Today, we are at a confluence of three global tipping points.
- Environmentally — from extreme and destructive weather events to rising sea levels and temperatures, climate change is impacting ecosystems everywhere.
- Economically — we have rising income inequality, with the world’s eight richest people owning as much as the poorest half of humanity, and 1 billion children worldwide living in poverty.
- Technologically — we are dazzled by new innovations and the amazing connectedness they offer, but our addiction is taking a very human toll.
With so many challenges and therefore so many opportunities to create real change, Tristan Harris, founder of the Center for Humane Technology, told a packed plenary room at SB’18 Vancouver that he believes our focus should be on ethical technology: “[Technology] may be the most important tipping point; if we don’t solve for [it], we won’t be able to solve for the other ones.”
Let’s be clear. Technology is not neutral; each application is fighting for our attention, programmed to exploit weaknesses in our brains to create addiction and to keep us coming back for more. We understand inherently that this addiction is not good for us, but like all addiction the pain and dissatisfaction is coupled with hits of pleasure and the endorphin rush.
Knowing this, Harris and co-presenter Raphael Bemporad, co-founder and principal of BBMG, asked themselves, “How do we create the wisest moral operating system when we make choices on 2 billion people’s behalf? And if we are going to influence people, how do we do it ethically?” To begin to answer this, they conducted an ethnographic study of people’s tech habits and their impacts to reveal our deepest vulnerabilities and desires.
From this study, five human conflicts emerged, and Bemporad and Harris identified companies that are addressing these conflicts positively.
1. Conflict of identity — Who am I?
When we present our curated life to the outside world — amazing trips, perfect birthdays, filtered and altered photos where we look stunning — we lose sense of who we really are. The idealized self we present to the world, and in turn is presented back to us by others, creates a conflict of identity — our lives measured by the external validation of likes, hearts, comments or shares. And in these Facebook and Instagram worlds, what is rewarded? The idealized self. Post a picture of a puppy and your likes skyrocket, dare to post that you are hurting and few if any people will respond. This curated world is not real and, for our teens and tweens who are still trying to find themselves, it is creating epidemic rates of depression. How to we create authentic worlds to connect through?
Brand examples: Rihanna’s Fenty brand seeks to provide products that perform across all skin types and tones; while Finstagram (fake Instagram) accounts allow users to post real experiences for real friends.
2. Conflict of Autonomy — Am I in control?
The fast pace at which technology moves demands short response times, removing our most human ability — reflection. Instead, we make decisions with our limbic system, sometimes referred to as the reptilian brain — the one that manages our fight or flight responses. The second critical question: How do we design for convenience while allowing human control?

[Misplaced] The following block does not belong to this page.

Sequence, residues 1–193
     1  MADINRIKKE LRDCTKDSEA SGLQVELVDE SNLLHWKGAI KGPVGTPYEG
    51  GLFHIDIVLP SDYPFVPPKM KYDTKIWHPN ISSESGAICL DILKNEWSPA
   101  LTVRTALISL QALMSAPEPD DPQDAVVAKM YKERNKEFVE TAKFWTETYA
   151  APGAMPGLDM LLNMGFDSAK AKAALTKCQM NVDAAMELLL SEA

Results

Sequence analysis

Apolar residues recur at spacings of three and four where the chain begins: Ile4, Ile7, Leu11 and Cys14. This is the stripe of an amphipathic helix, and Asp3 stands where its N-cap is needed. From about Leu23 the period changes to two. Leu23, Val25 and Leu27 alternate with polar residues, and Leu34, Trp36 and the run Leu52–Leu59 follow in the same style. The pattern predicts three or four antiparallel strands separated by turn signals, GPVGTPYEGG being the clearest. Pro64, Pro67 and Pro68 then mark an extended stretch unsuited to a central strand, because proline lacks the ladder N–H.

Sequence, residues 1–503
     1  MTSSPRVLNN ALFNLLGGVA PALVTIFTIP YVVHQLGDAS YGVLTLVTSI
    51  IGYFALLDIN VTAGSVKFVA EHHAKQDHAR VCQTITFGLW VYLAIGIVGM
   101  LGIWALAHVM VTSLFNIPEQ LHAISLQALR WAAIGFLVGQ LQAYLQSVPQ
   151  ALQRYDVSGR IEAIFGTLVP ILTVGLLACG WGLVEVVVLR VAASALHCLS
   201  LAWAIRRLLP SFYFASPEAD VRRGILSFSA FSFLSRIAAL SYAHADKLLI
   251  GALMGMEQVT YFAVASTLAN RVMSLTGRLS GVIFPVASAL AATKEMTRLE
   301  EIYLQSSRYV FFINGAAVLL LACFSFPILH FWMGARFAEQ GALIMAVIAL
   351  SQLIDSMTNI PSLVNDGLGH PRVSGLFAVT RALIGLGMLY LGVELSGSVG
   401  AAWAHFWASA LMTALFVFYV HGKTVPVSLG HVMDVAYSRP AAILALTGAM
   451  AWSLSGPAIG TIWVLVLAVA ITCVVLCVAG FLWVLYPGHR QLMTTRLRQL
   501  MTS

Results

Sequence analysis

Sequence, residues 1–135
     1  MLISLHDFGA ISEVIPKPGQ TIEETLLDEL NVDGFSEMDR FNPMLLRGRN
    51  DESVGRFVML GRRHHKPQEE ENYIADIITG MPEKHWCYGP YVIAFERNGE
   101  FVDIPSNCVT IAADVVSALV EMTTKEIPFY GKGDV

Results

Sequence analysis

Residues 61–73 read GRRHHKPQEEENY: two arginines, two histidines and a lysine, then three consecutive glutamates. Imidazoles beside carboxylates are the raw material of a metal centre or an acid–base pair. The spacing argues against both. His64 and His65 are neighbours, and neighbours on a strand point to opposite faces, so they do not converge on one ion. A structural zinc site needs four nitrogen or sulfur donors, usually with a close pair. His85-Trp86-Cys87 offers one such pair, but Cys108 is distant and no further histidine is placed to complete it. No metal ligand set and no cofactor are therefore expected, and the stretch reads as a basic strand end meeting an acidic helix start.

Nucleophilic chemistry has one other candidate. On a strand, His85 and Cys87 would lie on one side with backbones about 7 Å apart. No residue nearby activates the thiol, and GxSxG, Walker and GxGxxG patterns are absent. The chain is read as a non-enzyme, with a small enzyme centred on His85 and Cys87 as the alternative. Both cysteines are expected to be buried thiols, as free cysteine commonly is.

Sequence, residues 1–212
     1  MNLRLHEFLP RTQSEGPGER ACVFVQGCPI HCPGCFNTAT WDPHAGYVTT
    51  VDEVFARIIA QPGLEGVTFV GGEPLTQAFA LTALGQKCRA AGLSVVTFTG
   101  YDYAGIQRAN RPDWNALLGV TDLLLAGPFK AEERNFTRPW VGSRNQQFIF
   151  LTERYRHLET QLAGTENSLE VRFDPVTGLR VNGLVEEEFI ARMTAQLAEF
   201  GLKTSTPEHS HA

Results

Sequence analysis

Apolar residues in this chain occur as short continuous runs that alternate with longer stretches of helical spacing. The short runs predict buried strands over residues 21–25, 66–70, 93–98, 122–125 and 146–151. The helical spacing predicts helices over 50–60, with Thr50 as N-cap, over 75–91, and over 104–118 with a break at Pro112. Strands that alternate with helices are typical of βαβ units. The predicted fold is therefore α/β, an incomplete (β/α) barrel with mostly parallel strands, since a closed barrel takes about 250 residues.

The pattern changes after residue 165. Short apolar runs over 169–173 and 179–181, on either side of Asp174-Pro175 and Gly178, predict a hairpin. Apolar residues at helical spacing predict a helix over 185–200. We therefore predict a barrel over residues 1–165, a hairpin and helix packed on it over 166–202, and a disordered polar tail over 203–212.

Brand examples: Snips, a Siri alternative, offers a private, decentralized, open-source voice assistant. And Blue Apron allows cooking convenience with control; you select the meals, they deliver to your door.
3. Conflict of Community — Where do I belong?
Humans have an innate need to be known and understood. We seek to be part of something bigger than ourselves — a tribe, a clan, a community. When we favor virtual relationships over physical ones, we undermine this need. For real humans, connecting face to face strengthens our sense of belonging.
Brand examples: Airbnb allows travelers to stay in local neighborhoods, instantly transforming the travel experience. Meetup believes “getting together with real people in real life makes powerful things happen. Side hustles become careers, ideas become movements, and chance encounters become lifelong connections. Meetup brings people together to create thriving communities.”
4. Novelty — What is enough?
Our brains are wired to be attracted to new things. When we experience new things, we get that happy dopamine rush, as we do from each ping from social media. My own experience suggests it draws us in for an experience and is more compulsive than addictive. That said, if you are lonely, which a growing number of Americans are, social media may satisfy your craving for connection. Luckily, the two companies cited by Bemporad and Harris absolutely address our innate need for novelty:
5. Conflict of Velocity — How do I want to spend my time?
In this “instant” world, where we need things now, we find ourselves rushing from one thing to with constant demands placed upon us. This need for speed comes in direct conflict with our need for sanctuary. Our health suffers — resulting in anxiety disorders, stress, high blood pressure, depression. Humans need sanctuary, calm, reflection.
Brand examples: Yondr creates phone-free spaces: “In our hyperconnected world, we provide a haven to engage with what you’re doing and who you’re doing it with. In physical space and real time.” And Headspace — meditation made simple — allows you to reset immediately. Getting ready for an interview, having trouble getting or falling back to sleep or simply having a stressful day? These 3- 5- or 10-minute sessions will set you right.
Whether you agree with the nuances of all of the five human conflicts or not, there is clear truth in their commentary. How do we address it? Bemporad and Harris presented a compelling call to action, insisting now is the time for Humane Design.
- Design for the human environment
- Put your money where your values are
How could we go wrong?